In a nod to all things spooky, we’ve rounded up the most haunted places around the world. These places are all said to be visited by ghouls and spirits, some friendly and some a bit more mischievous. Read on for the story behind these restless souls and the places they haunt just in time for Halloween.
The Fairmont Banff Springs Hotel has a fascinating history of souls wandering its halls. The most famous of these souls is the Ghost Bride, who they say met an untimely demise on the night of her wedding, and Sam the Bellman, a helpful spirit who assists guests from time to time. Find out for yourself if the rumours are true by booking a family-friendly Halloween Heritage Ghost Tour.
Back in the 1870s, a Russian general and frequent theatre-goer built the Alexander Theatre for Russians living in Helsinki. But it is said that along with the bricks moved to Helsinki to construct the theatre came the ghost of a general who had died during the Crimea War.
The Palace of Beau-Sejour, a beautiful 19th century palace in Lisbon, is said to be haunted by the ghost of a former resident. Today, the palace serves as the offices of a government organization studying Lisbon heritage. Workers claim to see the Baron of Glória playing classic ghostly pranks like moving objects around rooms and opening and closing windows.
4. Cape Town
The Castle of Good Hope in Cape Town is a popular tourist destination due to its designation as the oldest surviving building in South Africa, but there are spookier reasons to visit this former Dutch fort. Anonymous soldiers are said to pace the fort walls. The most famous resident is Lady Anne Barnard, a Scottish writer and aristocrat who lived in the Castle of Good Hope for several years while her husband was appointed there under British military occupation. She died in 1825. How’s that for spooky?
Thought of as the most haunted place in Spain, the Palace of Linares in Madrid is haunted by a messy family history. The Marquis de Linares’ son married, but didn’t find out until his father was on his deathbed that through an undisclosed affair, he had actually married his half-sister – scandal! Stories vary – some say their daughter roams the halls looking for her mother and some say the half-brother and sister restlessly continue their taboo relationship in the afterlife.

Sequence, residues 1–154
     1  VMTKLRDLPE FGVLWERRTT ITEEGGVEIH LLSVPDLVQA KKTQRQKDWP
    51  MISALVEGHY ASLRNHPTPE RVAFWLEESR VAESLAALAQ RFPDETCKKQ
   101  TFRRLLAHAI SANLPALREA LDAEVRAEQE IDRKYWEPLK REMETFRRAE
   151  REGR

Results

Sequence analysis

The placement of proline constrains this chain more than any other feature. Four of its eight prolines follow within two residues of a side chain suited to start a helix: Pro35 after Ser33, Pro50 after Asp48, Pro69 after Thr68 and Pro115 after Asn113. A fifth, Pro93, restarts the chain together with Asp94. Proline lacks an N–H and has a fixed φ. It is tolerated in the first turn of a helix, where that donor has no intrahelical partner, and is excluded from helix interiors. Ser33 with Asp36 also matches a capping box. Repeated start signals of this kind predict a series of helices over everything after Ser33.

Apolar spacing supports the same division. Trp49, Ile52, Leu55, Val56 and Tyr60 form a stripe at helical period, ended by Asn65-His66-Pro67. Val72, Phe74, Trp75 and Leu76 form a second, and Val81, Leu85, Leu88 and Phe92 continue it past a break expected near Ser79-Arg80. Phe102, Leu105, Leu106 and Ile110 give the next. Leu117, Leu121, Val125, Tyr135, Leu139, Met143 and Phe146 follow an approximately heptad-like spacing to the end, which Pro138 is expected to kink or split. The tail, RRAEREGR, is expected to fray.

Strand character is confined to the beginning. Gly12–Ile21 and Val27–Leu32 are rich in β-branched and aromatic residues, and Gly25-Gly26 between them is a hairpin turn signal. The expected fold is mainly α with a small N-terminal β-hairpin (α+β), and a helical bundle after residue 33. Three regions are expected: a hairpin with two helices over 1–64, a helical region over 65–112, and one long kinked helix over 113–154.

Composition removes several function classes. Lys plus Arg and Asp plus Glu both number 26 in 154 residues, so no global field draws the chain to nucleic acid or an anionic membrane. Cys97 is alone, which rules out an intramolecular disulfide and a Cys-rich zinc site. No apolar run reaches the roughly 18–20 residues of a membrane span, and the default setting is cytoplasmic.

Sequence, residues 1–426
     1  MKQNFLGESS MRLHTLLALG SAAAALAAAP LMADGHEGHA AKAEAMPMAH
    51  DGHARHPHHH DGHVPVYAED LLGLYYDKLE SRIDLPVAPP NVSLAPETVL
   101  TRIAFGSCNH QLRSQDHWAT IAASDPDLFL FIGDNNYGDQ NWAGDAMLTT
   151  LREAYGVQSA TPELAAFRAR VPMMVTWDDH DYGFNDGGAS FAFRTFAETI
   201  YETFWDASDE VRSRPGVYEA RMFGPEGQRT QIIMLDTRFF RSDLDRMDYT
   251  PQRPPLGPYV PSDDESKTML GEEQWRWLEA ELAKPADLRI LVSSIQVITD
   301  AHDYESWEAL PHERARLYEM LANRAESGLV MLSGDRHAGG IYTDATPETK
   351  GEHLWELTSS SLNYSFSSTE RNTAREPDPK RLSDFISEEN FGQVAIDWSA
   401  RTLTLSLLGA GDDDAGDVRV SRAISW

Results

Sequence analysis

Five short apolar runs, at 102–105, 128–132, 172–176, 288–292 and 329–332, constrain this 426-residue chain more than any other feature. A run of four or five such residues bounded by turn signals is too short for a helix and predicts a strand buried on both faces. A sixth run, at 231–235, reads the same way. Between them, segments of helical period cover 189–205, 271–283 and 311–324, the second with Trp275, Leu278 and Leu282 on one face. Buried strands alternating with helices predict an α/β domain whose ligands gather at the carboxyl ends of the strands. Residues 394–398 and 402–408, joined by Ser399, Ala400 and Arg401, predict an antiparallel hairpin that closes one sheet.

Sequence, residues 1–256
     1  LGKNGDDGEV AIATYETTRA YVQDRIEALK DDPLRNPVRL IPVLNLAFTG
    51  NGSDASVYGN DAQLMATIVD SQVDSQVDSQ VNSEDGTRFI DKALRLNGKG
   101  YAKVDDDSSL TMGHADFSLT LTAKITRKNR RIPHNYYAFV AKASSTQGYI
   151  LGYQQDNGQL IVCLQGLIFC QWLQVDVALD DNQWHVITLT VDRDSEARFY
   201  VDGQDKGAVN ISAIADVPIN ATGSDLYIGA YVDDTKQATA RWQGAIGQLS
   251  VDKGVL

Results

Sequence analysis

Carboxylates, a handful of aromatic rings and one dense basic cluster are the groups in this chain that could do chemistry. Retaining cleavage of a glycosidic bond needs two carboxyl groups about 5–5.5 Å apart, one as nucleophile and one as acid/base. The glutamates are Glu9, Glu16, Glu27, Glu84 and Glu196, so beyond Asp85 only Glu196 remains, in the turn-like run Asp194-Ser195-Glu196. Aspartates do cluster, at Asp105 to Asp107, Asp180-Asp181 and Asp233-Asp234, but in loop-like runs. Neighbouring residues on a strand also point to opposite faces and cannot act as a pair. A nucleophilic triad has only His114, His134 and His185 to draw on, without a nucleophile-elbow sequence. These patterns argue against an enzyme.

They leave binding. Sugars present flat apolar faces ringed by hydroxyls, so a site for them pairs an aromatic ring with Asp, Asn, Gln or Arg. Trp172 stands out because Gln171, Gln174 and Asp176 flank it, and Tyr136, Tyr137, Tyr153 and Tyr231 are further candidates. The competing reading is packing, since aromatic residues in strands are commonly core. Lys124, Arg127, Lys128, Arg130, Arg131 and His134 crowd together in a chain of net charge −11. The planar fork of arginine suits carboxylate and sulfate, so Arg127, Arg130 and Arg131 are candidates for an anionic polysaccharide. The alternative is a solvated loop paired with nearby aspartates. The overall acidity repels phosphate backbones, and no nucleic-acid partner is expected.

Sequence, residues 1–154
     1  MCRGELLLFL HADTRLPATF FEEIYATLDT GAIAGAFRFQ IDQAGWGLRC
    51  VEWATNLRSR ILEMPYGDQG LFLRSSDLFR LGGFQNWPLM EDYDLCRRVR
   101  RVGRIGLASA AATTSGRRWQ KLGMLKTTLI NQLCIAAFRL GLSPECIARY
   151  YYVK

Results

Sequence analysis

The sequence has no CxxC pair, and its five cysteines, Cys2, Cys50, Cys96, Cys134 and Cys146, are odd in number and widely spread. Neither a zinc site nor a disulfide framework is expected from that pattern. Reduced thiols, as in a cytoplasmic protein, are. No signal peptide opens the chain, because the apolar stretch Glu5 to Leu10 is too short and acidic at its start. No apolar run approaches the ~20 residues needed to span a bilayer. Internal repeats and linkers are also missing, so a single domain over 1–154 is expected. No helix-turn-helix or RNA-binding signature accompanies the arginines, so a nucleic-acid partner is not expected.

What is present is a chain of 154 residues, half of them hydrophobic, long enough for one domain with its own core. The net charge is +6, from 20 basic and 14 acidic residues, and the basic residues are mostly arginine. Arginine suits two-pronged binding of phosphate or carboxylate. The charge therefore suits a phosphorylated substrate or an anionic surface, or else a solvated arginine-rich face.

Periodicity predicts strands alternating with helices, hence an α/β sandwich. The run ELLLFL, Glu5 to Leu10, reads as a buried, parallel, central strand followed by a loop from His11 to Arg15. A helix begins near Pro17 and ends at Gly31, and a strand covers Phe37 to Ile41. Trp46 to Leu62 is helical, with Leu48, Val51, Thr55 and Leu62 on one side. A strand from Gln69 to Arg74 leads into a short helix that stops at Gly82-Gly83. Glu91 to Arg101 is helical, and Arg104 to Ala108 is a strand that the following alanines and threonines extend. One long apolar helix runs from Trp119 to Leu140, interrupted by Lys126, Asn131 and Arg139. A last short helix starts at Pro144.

Chicago’s Congress Hotel has a dark history. From being the meeting place of one of the first documented serial killers and his victims during the 1893 World’s Fair to housing Al Capone’s suite, the Congress is said to be one of the most haunted places in the U.S. One of the most active ghosts, Peg Leg Johnny, is thought to be totally harmless and is most often seen turning lights on and off.
Charleston is steeped in history and with history come legends, some of the ghostly variety. There are plenty of haunted places in Charleston, from old prisons to estates, but the best place to get your ghost hunting on along with a delicious Southern Sunday brunch is at Poogan’s Porch. The restaurant opened its doors in 1976, having been converted from a grand Victorian home. Diners and staff say that one of the house’s former residents, a schoolteacher named Zoe who died in 1954, is sometimes seen on the restaurant’s porch and in the ladies’ bathroom.
Edinburgh Castle, the city’s most famous landmark, has a long and tumultuous history. People have lived on Castle Rock for nearly 2,000 years, so it’s no surprise people have reported hearing mysterious drums and knocking and seeing unexplained visions.
The Ten Bells Pub, made infamous by being the final drinking spot of at least two victims of Jack the Ripper, has a long-term ghost resident. In the 1990s, live-in staff members reported an old man in Victorian clothing appearing in bed next to them, only to disappear when they noticed him and screamed! Ten Bells Pub is still slinging drinks to this day.
Legend has it that surfers at Padang Galak Beach have to beware of a fierce sea goddess who haunts the beach. The name of the beach translates to “fierce desert,” probably in part because of the strange ghost who is said to drag surfers to the bottom of the sea.